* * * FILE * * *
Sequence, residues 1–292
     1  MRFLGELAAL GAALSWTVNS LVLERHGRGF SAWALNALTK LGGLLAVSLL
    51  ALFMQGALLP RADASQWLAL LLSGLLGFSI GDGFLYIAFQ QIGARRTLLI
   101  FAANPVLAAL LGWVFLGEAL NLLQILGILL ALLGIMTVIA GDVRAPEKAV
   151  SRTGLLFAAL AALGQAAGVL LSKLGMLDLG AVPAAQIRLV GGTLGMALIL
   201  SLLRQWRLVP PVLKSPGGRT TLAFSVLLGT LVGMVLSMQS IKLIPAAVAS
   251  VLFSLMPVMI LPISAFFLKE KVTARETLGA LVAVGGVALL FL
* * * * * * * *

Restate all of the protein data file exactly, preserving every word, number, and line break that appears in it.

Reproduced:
Sequence, residues 1–292
     1  MRFLGELAAL GAALSWTVNS LVLERHGRGF SAWALNALTK LGGLLAVSLL
    51  ALFMQGALLP RADASQWLAL LLSGLLGFSI GDGFLYIAFQ QIGARRTLLI
   101  FAANPVLAAL LGWVFLGEAL NLLQILGILL ALLGIMTVIA GDVRAPEKAV
   151  SRTGLLFAAL AALGQAAGVL LSKLGMLDLG AVPAAQIRLV GGTLGMALIL
   201  SLLRQWRLVP PVLKSPGGRT TLAFSVLLGT LVGMVLSMQS IKLIPAAVAS
   251  VLFSLMPVMI LPISAFFLKE KVTARETLGA LVAVGGVALL FL